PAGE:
Are you sure that by outsourcing the production to a contract manufacturer, the company is exempt from filing reports and data to comply with regulations. I doubt that. In my opinion, the organization is to be held fully responsible for the product it sells and makes profit out of, if the regulations are to be implemented in their full spirit.

  3. ITempire
    July 25, 2012

    An organization that is involved in selling products built from counterfeit part, are the regulations expecting that organization to report on those counterfeit parts honestly?

    Obviously, the truth may never come out. The regulations, if they are to be successful, should, besides requiring companies to file reports, include intense audit as well to capture any non-compliance and fraudulent reporting.

  4. elctrnx_lyf
    July 26, 2012

    These new regulations could definitely put lot of pressure on many electronic OEMs and the over head could result in price increase. How the companies will actually compete with other low cost alternatives who doesn't follow all these regulations effectively?

  5. ITempire
    July 26, 2012

    @ elctrnyx_lyf

    “How the companies will actually compete with other low cost alternatives who doesn't follow all these regulations effectively?”

    That certainly is a wide concern of all organizations that follow regulations and are also competing in intense competition markets where price-war exists. The organizations that dont comply however take a big risk of bearing penalties and sanction if being caught as the non-compliance means being involved in counterfeiting and certainly, if caught, there wont be tolerable penalties.


    July 26, 2012

    I imagine a company will need to keep strict tabs on all its suppliers and contract manufacturers to make sure the end product complies.

  7. Tam Harbert
    July 26, 2012

    I'm not sure that any of these regulations expressly mention contract manufacturers, but they do hold the OEM liable for ensuring that their products meet the regulations. That means pushing the requirements back through the supply chain, to subcontractors and to parts suppliers. That's what's happening in the case of the conflict minerals and counterfeits, at least. Defense contractors, for example, are putting new language in their contracts to hold partners liable.

  8. _hm
    July 26, 2012

    @Altaf: Process becomes much more simplfied. In place of few thousands of items, it becomes few products or assemblies.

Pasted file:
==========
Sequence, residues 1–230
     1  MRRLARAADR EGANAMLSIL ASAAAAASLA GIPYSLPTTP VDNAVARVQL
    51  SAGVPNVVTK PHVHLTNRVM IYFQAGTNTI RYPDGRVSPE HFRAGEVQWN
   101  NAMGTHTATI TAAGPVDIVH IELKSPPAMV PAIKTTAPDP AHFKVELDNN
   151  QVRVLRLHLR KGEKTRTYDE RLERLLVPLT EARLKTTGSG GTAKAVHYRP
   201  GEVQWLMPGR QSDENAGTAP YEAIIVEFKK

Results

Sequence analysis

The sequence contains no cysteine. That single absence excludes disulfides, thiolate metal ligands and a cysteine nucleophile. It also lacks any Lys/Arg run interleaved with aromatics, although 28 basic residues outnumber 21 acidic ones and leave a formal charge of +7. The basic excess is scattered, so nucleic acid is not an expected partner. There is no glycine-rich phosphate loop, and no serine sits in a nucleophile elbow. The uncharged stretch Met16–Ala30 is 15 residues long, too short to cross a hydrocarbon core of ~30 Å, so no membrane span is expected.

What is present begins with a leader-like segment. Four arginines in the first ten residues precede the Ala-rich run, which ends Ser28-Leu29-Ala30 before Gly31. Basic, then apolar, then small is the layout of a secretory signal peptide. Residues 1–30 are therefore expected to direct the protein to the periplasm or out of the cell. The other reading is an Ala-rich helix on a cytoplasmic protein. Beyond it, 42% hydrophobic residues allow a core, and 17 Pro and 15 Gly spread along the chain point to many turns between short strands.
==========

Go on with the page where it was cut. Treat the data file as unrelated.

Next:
9. syedzunair
    July 26, 2012


    The concern is you mention is genuine as manufacturing without compliance leads to some bad after effects for the firm. Sanctions and fines are just one part of the equation. The bad will that such a case might bring to a manufacturer is unimaginable. 

  10. ITempire
    July 28, 2012

    @ Tam

    “Defense contractors, for example, are putting new language in their contracts to hold partners liable.”

    If there is a lacuna in law to hold responsible the actual supplier and not the finished good manufacturer, regulatory authorities will find it hard to chase down the actual culprit. There should be a law which holds liable the finished good manufacturer to ensure that parts being used are fulfilling all legal requirements.

  11. ITempire
    July 28, 2012

    @ syedzunair

    True. My concern, however, is more about how to capture the companies that report fraudulent information. It demands actions on the part of regulator to catch through audit or other techniques.

    Once, the manufacturer is caught, then obviously the damages will be, rather should be, unimaginable, if the law is to be kept in existence in spirit.

  12. syedzunair
    July 28, 2012

    @WaqasAltaf, I think your concern can only be overcome by more stringent compliance rules and random compliance audits. If a manufacturer is reporting false information about a product to the authorities, I an audit report should be able to highlight the anomalies. Once, the fraud has been established the authorities may penalize the concerned accordingly.